The Protestor’s Playground

Throughout the 1970s, the feminist group Dolle Mina combined radical protests with conceptual art.

Speaking truth to power:  Dolle Mina in Margriet’s offices,  20 February 1970.

In January 1970, feminist protesters occupied the Beursplein, one of the most popular squares in Amsterdam, to criticise the deficiency of Dutch childcare services. Toddler-filled playpens were placed in front of the Amsterdam stock exchange – a notoriously male-dominated workplace – in an attempt to articulate a message in a single, striking image: that the prestige of a man’s work was in stark contrast to the austerity of a woman’s labour. These crèche-acties (day-care actions), which were repeated in different locations throughout the early 1970s, formed just a part of the repertoire of Dolle Mina (Crazy Mina), a group of second-wave feminists formed in 1969. Taking their name from the fin de siècle feminist Wilhelmina Drucker, Dolle Mina sought to publicise the gender inequality of everyday life in the Netherlands through a series of spectacular public interventions.

A little later than its emergence in the United States, second-wave feminism reached the Netherlands in 1967, with the publication of Joke Kool-Smit’s Het Onbehagen bij de Vrouw (The Discontent of Women) in the prominent Dutch literary journal De Gids (The Guide). Smit, who co-founded the feminist network Man-Vrouw-Maatschappij (Man-Woman-Society, or MVM), argued that the paid work of a married woman was devalued by Dutch society and led to a state of ‘exhaustion without reward’. MVM used peaceful and tactical lobbying as a path to positions of governmental power. But for Dolle Mina, emerging two years later, these strategies lacked the radical, performative edge that would soon gather attention across Amsterdam.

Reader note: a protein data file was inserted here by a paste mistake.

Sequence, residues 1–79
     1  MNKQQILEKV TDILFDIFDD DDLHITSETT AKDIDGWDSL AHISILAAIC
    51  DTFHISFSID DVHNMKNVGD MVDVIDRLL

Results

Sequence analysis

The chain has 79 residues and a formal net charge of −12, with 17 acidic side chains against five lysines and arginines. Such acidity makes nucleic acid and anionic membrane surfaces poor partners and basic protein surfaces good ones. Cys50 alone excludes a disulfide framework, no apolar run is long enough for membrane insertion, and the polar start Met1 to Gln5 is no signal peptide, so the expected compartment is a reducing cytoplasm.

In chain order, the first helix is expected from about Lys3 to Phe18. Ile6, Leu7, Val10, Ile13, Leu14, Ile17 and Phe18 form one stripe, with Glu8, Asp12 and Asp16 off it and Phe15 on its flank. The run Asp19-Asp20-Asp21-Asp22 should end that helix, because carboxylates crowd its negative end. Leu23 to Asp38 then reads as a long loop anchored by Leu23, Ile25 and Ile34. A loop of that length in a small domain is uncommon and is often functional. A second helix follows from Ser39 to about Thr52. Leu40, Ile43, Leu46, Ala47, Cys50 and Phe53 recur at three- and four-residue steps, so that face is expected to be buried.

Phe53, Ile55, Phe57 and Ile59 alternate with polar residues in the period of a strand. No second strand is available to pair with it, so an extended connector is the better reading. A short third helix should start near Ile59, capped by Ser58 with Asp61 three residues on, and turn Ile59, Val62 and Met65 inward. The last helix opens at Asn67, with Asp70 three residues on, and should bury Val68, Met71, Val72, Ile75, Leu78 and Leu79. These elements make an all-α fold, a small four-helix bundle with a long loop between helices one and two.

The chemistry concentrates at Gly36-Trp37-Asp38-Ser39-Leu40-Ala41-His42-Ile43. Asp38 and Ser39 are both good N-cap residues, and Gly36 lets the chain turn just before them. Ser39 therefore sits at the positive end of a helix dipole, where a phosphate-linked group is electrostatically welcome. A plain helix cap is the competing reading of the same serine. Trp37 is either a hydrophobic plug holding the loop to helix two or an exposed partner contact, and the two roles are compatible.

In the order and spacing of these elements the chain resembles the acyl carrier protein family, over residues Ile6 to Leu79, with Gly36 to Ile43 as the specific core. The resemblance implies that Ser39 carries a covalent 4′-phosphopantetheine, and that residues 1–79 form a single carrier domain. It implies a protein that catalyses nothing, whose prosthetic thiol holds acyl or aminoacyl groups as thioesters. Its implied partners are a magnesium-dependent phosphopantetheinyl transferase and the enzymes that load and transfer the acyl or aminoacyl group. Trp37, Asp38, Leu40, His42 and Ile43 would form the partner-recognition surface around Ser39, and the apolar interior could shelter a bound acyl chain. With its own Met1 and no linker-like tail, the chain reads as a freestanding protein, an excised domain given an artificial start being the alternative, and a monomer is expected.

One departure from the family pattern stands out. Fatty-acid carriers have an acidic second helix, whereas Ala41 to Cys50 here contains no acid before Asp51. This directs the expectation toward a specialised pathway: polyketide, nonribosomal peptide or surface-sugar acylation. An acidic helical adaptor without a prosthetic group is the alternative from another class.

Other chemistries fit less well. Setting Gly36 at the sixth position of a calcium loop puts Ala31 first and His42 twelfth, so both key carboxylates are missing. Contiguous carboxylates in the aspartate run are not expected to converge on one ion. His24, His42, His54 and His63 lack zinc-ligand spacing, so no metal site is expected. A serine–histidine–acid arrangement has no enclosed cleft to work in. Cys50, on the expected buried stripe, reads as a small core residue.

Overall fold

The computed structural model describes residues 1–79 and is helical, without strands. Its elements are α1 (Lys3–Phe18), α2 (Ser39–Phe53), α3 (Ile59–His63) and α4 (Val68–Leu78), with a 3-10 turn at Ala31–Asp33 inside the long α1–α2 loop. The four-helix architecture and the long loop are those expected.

Throughout the ‘Dutch sixties’ – a period defined by social historians Kees Schuyt and Ed Taverne as ranging from 1965 to 1976 – protest groups and artists alike had used the city as a canvas for their radical ideas. Provo, the countercultural anarchists, staged a series of pranks and provocations to disseminate their ‘White Plans’ – innovative solutions for the social, ecological and familial problems of postwar Dutch society – while the conceptual artist Robert Jasper Grootveld hosted weekly ‘happenings’ to protest against the tobacco industry. Alongside these, artists such as Wim T. Schippers, Bas Jan Ader and Stanley Brouwn had employed playful public and urban intervention in a method that the art historian Janna Schoenberger neatly labels ‘Ludic Conceptualism’.

For Dolle Mina, the engagement and indelibility that came with this kind of public spectacle provided the most effective means to diffuse their message across the widest possible landscape. In April 1970, in Amsterdam’s Dam Square, Dolle Mina installed a towering papier-mâché penis with a sign that read ‘damestoilet’ (ladies’ room). The structure served as a women’s powder room – to address the shortage of public women’s toilets in Amsterdam – and was designed to mimic the voyeuristic rendering of women into neon signage for bars. This ‘penis-actie’ (penis action), in which they also distributed free condoms and pasted images of nude men over those of nude women, served not only as an alternative to the male-dominated public space in 1970s’ Netherlands, but also as a parody of its male-oriented visual culture.